2018 Subaru WRX STI Review: Colin McRae Cosplay
– Detroit, Michigan
Buying a Subaru WRX STI does not turn you into a rally driver any more than wearing a Spiderman costume makes you able to climb walls. Yet with its heroic performance and high levels of feedback, the STI makes every drive feel rally-car epic. A strong performer and exhilarating at all times, the STI remains one of the most exciting sedans you can buy today.
Go, go, go. The STI’s engine makes you work for its power, with peak torque not delivered until 4,000 rpm. Once the turbo boost hits, it’s a frenzied punch that’ll have you grabbing the next gear before you know it. Work the six-speed manual’s super-tight shift pattern to keep revs up, and the STI makes swifter progress than its “just” 305-horsepower output might suggest. From its grumpy rumbling at idle to its racy snarl as revs build, the turbocharged 2.5-liter flat-four sounds the part, too.
Turn, turn, turn. Unlike the standard WRX – and pretty much every other modern car – the STI still uses hydraulic power steering rather than electric. That works hand-in-hand with the car’s aggressive suspension to transmit a constant string of feedback about the front wheels’ grip levels to the driver’s fingertips. It’s invigorating as I take full advantage of the sticky Yokohama Advan Sport V105 rubber.
Improved brakes. Notice those neon-yellow brake calipers? This year’s STI benefits from redesigned Brembo brake calipers and larger rotors. Specifically, the front brakes now have six-piston calipers versus four, around rotors that have grown by 0.6 inch in diameter. In back, the rotor size has increased 0.4 inch. I’ve never had issues with prior STI braking performance, on street or circuit, but it’s always great to see automakers adding more stopping power to their performance models. Subaru also says the new calipers are stiffer, which no doubt contributes to the car’s reassuringly firm and precise pedal feel.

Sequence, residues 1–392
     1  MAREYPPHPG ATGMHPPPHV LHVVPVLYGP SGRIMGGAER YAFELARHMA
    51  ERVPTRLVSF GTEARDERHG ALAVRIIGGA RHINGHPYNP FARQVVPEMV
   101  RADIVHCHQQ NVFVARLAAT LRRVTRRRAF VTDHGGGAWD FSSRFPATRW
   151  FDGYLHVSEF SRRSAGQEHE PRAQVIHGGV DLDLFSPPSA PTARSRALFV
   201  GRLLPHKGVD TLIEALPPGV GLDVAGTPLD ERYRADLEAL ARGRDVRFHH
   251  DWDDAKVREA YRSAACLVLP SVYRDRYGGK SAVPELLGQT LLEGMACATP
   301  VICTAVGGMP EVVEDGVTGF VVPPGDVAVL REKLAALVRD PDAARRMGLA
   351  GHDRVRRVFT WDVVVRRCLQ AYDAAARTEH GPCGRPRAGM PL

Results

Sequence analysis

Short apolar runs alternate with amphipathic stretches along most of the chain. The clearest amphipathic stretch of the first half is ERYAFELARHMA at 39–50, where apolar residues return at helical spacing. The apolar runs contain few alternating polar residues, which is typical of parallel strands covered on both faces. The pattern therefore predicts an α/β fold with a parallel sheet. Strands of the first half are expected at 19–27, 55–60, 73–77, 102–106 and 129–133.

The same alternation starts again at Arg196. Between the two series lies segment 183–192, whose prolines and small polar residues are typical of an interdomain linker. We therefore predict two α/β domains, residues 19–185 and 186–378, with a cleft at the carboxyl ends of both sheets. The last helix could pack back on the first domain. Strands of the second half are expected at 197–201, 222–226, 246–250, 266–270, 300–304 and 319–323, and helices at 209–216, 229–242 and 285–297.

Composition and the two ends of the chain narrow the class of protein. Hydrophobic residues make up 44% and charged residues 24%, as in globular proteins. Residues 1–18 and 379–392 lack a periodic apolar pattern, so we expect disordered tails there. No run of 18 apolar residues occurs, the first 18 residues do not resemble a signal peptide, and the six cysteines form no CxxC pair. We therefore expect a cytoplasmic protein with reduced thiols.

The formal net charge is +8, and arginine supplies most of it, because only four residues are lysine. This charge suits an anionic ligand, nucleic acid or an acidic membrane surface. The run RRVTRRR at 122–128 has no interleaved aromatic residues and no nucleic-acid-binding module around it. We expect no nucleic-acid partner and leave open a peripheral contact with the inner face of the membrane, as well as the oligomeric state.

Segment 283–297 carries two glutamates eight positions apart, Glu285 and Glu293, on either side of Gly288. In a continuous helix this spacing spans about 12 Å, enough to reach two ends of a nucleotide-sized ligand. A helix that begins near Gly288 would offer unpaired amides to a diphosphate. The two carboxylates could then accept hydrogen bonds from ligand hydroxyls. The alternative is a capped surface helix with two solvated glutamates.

Plenty practical. There may not be a hatchback variant anymore, but this STI sedan still offers up a lot of utility. The trunk has a big opening and will accommodate 12.0 cubic feet of stuff, with the rear seats easily folding to improve storage space. This year the car also receives new built-in mounts for roof racks in case you need to transport even more gear.
The regular WRX is also great. Compared to the WRX, the STI versions rides more stiffly, drones more loudly, has more turbo lag in everyday use, and costs more money. Maybe I’m just getting older, but it feels a tad more intense than I’d want from my daily driver. Unless you plan to visit a race track or rallycross course regularly, you’ll likely find the standard WRX a better option because it delivers nearly all the fun of an STI with fewer downsides.
Touchy. With a grabby clutch take-up and sharp throttle tip-in, it takes some mental adjustment to drive this car smoothly at low speeds. Leave the drive-mode selector in its default Intelligent option, as the Sport and Sport Sharp boost the throttle response curve to an even sillier level of eagerness.
That wing. I’m all in favor of aggressive styling on performance cars, especially if it helps with aerodynamic performance. But the STI’s rear wing is so large and so silly it may as well have a sticker saying, “Pull me over now” – or maybe one that says, “Don’t give this guy your phone number.” A wing-delete option is, of course, available from the factory.
Photos: Anthony Herta / Motor1.com